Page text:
"Chael is completely different fighter [than Henderson]," Jones said. "This is war. This is strategy. You have to go in there prepared and know that you did your homework. I wouldn't be the same warrior if I just jumped in there blindly and was cutting weight while I was trying to prepare for the fight. Greg Jackson wasn't going to show up until Friday. Coach [Mike] Winkeljohn wasn't going to be there until Wednesday or Thursday. I would have been pretty much on my own trying to prepare for a new opponent. That's just not the best way to prepare."

"If this was my first fight in the UFC and I really didn't have a choice and they needed somebody to step in last-minute, if it was that type of scenario, then I'd probably more open to it," Jones continued. "But I'm a UFC champion, and I need to perform that way. If I would have taken this fight, that would have been letting my ego get in the way and not using my intellect. This is war, and you have to go in there prepared."

"The criticism does bother me, but I have to stand by my decision. I have to be the man that I am. With such large audiences comes great criticism. There will be a lot of scrutiny, but I've got to do what makes me happy and feels right to me. At the end of the day, I have to make the best choice for me and my family."

The last group affected by this entire situation are the fans, writers, and more who had booked travel, hotel rooms, and had bought tickets to an event that will now not take place. Jones again is sorry for that, but there wasn't a realistic reason in his mind to take a switch in opponents like that on as short of notice as he had.

"I apologize to the people that lost money on tickets and travel and things like that," Jones said. "I don't apologize for my decision, but I do apologize for the way it affected people. I hope people can understand I was just trying to do the best thing for my career."

"Dan Henderson got hurt, and our fight was canceled. As difficult as it is to deal with everything that's happened, I just didn't feel like I had enough time to prepare both physically and mentally for a fight with a new opponent. I just didn't feel I had enough to prepare properly and perform at my best. Whether Chael Sonnen actually deserves a title shot really isn't my place to say. But if he wants to fight on Sept. 22, then I'm fine with that."

Penick's Analysis: Jones could have taken the fight. He could have hopped in the cage with zero preparation against Chael Sonnen, and he may win in that scenario nine times out of ten. But Sonnen is a very different style of fighter than Dan Henderson, making it a completely different fight for Jones to prepare for, and leaving the possibility that a Matt Serra vs. GSP type result happens. That's a disastrous, hard to rebound from situation that didn't make sense to risk for Jones, and that's ok. It's disappointing, but it's ok. Jones didn't make the decision to cancel the event next week, and it's not fair to hold it all against him. The UFC was faced with that choice because they didn't have any other viable options than trying to strong-arm Jones into a bout he wasn't comfortable with on a week's notice. It's not his responsibility to make sure the rest of the card is getting their paycheck. Would he have been getting this same type of vitriol sent his way if he would have gotten injured? Of course not. This was an impossible spot he was put in, and the UFC throwing him under the bus hasn't helped anything. Does he have his share of the blame? Absolutely. But it's not all on him, and it's not fair to hold it against him with as much vitriol as has been thrown on Thursday. One more note, it's been pointed out on Twitter that this isn't even the first time this situation has happened this year, just the first time it's happened this close to an event. The UFC was supposed to head to Montreal in March, but in an ironic twist, it was reportedly Dan Henderson refusing to step into a fight in that main event that caused the UFC to scrap it and move the fights for that card to Atlanta. Regardless, there is plenty of blame to spread around, and it doesn't all need to be aimed at a Champion making a decision that makes sense for himself.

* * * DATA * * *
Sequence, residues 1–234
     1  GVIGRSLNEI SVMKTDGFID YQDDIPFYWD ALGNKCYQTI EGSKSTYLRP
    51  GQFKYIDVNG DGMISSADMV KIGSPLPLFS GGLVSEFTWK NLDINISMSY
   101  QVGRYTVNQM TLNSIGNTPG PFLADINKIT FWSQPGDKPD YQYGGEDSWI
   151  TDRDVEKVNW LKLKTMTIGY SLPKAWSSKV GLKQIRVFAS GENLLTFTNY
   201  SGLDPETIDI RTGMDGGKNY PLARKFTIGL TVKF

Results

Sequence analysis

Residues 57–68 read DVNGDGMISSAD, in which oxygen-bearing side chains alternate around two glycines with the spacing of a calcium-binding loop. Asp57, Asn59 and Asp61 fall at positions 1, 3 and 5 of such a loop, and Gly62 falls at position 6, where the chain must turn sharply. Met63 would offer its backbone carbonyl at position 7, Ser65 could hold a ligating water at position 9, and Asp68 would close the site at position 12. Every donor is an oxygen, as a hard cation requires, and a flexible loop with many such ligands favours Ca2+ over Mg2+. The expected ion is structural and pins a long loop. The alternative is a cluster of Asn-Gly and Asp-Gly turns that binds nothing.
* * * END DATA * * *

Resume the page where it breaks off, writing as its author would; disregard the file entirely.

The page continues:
[Jon Jones art by Grant Gould (c) MMATorch.com]

Source: http://www.mmatorch.com/artman2/publish/UFC_2/article_14211.shtml